Effects of age, sex, and puberty on neural efficiency of cognitive and motor control in adolescents

  • Tilman SchulteEmail author
  • Jui-Yang Hong
  • Edith V. Sullivan
  • Adolf Pfefferbaum
  • Fiona C. Baker
  • Weiwei Chu
  • Devin Prouty
  • Dongjin Kwon
  • Mary J. Meloy
  • Ty Brumback
  • Susan F. Tapert
  • Ian M. Colrain
  • Eva M. Müller-Oehring


Critical changes in adolescence involve brain cognitive maturation of inhibitory control processes that are essential for a myriad of adult functions. Cognitive control advances into adulthood as there is more flexible integration of component processes, including inhibitory control of conflicting information, overwriting inappropriate response tendencies, and amplifying relevant responses for accurate execution. Using a modified Stroop task with fMRI, we investigated the effects of age, sex, and puberty on brain functional correlates of cognitive and motor control in 87 boys and 91 girls across the adolescent age range. Results revealed dissociable brain systems for cognitive and motor control processes, whereby adolescents flexibly adapted neural responses to control demands. Specifically, when response repetitions facilitated planning-based action selection, frontoparietal-insular regions associated with cognitive control operations were less activated, whereas cortical-pallidal-cerebellar motor regions associated with motor skill acquisition, were more activated. Attenuated middle cingulate cortex activation occurred with older adolescent age for both motor control and cognitive control with automaticity from repetition learning. Sexual dimorphism for control operations occurred in extrastriate cortices involved in visuo-attentional selection: While boys enhanced extrastriate selection processes for motor control, girls activated these regions more for cognitive control. These sex differences were attenuated with more advanced pubertal stage. Together, our findings show that brain cognitive and motor control processes are segregated, demand-specific, more efficient in older adolescents, and differ between sexes relative to pubertal development. Our findings advance our understanding of how distributed brain activity and the neurodevelopment of automaticity enhances cognitive and motor control ability in adolescence.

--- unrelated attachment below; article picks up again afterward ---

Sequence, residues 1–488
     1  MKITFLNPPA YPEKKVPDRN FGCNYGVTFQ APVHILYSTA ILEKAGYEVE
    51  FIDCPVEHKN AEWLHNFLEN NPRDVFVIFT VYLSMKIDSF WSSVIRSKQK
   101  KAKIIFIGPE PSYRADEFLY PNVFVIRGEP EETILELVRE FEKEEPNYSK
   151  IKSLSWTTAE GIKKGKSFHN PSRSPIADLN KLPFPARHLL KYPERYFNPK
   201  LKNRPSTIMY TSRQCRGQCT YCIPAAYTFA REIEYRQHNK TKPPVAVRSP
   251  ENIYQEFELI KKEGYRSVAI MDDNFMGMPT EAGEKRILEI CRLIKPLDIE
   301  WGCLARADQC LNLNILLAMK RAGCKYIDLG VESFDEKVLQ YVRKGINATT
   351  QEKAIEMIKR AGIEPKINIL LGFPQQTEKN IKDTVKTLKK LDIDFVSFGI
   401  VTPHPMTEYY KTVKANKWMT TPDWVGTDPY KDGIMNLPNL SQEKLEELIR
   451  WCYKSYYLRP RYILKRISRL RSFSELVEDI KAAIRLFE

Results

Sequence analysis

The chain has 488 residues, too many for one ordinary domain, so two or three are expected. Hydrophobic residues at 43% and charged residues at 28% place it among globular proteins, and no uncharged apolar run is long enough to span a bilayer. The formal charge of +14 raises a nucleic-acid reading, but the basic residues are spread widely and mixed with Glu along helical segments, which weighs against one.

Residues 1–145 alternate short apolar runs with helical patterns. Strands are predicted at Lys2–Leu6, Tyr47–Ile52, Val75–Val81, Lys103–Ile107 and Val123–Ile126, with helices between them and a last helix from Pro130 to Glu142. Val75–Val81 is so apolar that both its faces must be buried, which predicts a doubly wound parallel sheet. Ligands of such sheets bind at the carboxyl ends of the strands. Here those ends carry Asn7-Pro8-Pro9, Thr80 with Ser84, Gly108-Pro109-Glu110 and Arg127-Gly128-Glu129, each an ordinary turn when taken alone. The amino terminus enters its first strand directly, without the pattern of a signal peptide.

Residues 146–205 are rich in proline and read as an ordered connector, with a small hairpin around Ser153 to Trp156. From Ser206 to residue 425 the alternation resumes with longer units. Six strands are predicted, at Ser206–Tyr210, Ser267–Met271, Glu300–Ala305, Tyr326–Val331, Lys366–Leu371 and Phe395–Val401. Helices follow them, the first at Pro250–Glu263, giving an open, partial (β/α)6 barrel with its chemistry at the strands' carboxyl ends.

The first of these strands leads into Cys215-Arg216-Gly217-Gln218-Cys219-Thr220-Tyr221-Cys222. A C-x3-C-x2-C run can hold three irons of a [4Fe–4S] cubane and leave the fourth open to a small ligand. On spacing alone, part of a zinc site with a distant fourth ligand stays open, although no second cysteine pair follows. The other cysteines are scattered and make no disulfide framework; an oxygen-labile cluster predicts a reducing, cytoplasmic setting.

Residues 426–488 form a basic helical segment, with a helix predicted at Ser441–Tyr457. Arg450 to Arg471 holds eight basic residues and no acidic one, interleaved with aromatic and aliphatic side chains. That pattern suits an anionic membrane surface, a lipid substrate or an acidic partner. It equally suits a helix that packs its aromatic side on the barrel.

Functional MRI Executive control Age and gender Puberty Automaticity of behavior 



This work was supported by the U.S. National Institute on Alcohol Abuse and Alcoholism with co-funding from the National Institute on Drug Abuse, the National Institute of Mental Health, the National Institute of Health Office of the Director, the National Institute of Child Health and Human Development, and the Office of the Director, National Institutes of Health [NCANDA grant numbers: AA021696 (IMC + FCB), AA021695 (SAB + SFT), AA021692 (SFT), AA021697 (AP + KMP)]. Additional funding was provided by NIAAA grant number AA010723 (EVS).

Compliance with ethical standards

Conflict of interest

None of the authors have conflicts of interest with the reported data or their interpretation.

Supplementary material

11682_2019_75_MOESM1_ESM.docx (393 kb)
ESM 1 (DOCX 393 kb)


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Copyright information

© Springer Science+Business Media, LLC, part of Springer Nature 2019

Authors and Affiliations

  • Tilman Schulte
    • 1
    • 2
    Email author
  • Jui-Yang Hong
    • 1
  • Edith V. Sullivan
    • 3
  • Adolf Pfefferbaum
    • 1
    • 3
  • Fiona C. Baker
    • 1
  • Weiwei Chu
    • 1
  • Devin Prouty
    • 1
  • Dongjin Kwon
    • 1
    • 3
  • Mary J. Meloy
    • 4
  • Ty Brumback
    • 4
  • Susan F. Tapert
    • 4
  • Ian M. Colrain
    • 1
  • Eva M. Müller-Oehring
    • 1
    • 3
  1. 1.Center for Health Sciences, Neuroscience Program, Biosciences DivisionSRI InternationalMenlo ParkUSA
  2. 2.Pacific Graduate School of Clinical PsychologyPalo Alto UniversityPalo AltoUSA
  3. 3.Department of Psychiatry & Behavioral SciencesStanford University School of MedicineStanfordUSA
  4. 4.Department of PsychiatryUniversity of CaliforniaLa JollaUSA

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